A “sharp offer” is also referred to as a “relative bid“. What this means is that the real estate purchase contract either does not have a specific price listed as the offering amount, or elsewhere in the contract there’s a clause that accelerates the price automatically based on other bids received by the home seller. Often there is a cap to the amount the buyer is willing to pay.
Here’s one way that it could work: a property gets, say, 20 offers. The buyer who writes a relative bid puts into the contract that his or her offer will go to $5,000 more than the highest priced offer. It could be any dollar amount or even a percentage.
Why would anyone in Silicon Valley or elsewhere even think of doing such a thing?
When the market gets very badly overheated, with lack of inventory, multiple offers, bidding wars and steeply rising prices on the pending and closed sales, some buyers begin to feel very desperate. Not satisfied with simply giving up all of their contractual rights, they also give up their right to chose the ultimate sales price – more or less.
What are the risks involved with a sharp offer?
In addition to the obvious risks, an offer without a price may not be enforceable – it may not really be a contract at all because a contract must be specific to be binding. Why should a seller take a non-binding, or possibly non-binding, offer? Even emotionally, if the buyer doesn’t really know the price that he or she is offering, it’s about as solid as someone who’s writing a blind offer – they don’t really know what they are doing!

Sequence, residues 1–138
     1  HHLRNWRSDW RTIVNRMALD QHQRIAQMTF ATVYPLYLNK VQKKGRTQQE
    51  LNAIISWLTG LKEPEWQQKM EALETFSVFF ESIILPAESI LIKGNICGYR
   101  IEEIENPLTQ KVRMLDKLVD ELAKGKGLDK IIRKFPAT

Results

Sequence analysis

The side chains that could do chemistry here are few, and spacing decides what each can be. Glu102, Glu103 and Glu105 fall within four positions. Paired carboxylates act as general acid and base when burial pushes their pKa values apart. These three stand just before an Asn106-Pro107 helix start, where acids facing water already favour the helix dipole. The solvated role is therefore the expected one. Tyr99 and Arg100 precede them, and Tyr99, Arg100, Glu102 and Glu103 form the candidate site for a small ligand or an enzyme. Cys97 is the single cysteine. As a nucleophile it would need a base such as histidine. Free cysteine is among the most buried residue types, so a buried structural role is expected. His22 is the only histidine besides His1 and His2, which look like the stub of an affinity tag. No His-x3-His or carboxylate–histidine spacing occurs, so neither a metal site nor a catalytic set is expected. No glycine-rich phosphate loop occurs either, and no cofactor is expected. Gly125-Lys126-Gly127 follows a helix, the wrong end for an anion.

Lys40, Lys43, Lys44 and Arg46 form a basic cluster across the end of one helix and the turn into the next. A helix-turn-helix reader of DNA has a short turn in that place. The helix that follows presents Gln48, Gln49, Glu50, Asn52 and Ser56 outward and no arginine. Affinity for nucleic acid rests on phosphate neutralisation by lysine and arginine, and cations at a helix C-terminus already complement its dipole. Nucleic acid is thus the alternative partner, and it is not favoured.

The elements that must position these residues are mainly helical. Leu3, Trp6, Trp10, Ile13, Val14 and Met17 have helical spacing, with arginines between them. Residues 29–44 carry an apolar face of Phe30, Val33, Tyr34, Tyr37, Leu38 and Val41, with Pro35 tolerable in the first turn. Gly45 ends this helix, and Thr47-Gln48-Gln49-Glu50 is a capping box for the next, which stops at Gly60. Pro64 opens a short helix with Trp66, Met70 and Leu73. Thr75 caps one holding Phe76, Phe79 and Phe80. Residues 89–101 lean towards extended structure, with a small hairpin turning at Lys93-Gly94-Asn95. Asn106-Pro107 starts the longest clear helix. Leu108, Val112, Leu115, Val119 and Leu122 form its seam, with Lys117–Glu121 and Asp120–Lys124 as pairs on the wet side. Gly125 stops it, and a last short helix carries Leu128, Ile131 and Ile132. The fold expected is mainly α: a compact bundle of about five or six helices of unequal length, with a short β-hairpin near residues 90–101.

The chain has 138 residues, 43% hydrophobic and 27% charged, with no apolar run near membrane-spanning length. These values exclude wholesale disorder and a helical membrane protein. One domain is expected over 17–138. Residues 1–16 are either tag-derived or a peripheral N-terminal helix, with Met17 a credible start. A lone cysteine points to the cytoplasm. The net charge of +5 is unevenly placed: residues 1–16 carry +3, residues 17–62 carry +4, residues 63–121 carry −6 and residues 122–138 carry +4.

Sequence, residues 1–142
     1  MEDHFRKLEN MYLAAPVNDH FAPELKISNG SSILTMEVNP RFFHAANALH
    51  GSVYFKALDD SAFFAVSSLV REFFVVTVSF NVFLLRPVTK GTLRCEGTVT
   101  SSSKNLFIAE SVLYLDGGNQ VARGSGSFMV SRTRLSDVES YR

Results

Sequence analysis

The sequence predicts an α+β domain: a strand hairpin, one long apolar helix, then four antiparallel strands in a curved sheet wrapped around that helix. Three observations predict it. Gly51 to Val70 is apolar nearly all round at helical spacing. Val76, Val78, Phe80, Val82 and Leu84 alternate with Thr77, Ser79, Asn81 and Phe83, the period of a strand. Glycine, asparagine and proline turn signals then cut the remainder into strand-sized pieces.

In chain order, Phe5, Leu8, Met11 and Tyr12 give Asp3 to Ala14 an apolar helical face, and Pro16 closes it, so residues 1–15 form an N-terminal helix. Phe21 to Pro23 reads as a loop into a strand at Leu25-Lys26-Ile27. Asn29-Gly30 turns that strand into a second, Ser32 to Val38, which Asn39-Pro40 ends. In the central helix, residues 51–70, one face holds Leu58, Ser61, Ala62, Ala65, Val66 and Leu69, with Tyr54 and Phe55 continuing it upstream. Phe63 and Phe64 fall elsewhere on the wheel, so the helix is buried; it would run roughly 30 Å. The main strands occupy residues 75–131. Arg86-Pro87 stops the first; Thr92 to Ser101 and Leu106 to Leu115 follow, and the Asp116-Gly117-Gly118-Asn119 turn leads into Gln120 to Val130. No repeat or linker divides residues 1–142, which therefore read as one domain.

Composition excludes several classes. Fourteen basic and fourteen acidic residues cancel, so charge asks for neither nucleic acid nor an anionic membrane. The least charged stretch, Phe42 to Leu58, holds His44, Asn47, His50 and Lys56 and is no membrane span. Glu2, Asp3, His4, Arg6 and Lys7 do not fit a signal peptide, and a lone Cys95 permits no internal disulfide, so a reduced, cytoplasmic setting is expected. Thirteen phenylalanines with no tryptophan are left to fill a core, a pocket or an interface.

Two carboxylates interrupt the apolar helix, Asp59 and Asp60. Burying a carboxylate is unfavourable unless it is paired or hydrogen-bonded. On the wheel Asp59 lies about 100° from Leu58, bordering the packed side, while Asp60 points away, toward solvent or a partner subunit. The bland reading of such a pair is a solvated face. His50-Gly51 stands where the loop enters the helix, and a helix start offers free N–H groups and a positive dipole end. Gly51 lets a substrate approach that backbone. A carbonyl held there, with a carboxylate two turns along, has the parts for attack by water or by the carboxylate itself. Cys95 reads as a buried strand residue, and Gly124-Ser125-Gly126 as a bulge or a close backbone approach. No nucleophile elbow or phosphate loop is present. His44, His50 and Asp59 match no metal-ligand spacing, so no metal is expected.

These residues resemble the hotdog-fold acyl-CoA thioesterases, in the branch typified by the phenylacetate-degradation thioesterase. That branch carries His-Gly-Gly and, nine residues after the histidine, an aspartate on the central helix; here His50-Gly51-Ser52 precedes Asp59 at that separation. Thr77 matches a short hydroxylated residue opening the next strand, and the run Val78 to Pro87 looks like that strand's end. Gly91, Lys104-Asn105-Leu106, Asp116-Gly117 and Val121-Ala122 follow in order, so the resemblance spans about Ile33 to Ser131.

Here’s another reason why this is a stupid thing to do: sometimes the highest priced offer has the worst terms. So if the offers are all in something of a pack or price band, but one has spiked it because it’s got terrible terms (such as a contingency on a home selling or an FHA backed offer with a tiny down payment), the buyer with the relative bid is subjecting the sales price paid to an offer which may never have had a chance in the first place. It’s never just price – but price and terms that count.
For both home buyers and home sellers, we do not recommend using this strategy for home sales. There are a myriad of ways it can backfire.
Right now there are many foolish, dangerous things happening in our local market. In the past, relative bids or sharp offers have been a part of the mix. I am not hearing of any happening at the moment, and I hope it stays that way, but it’s possible that it, too, will make a return in this period of madness.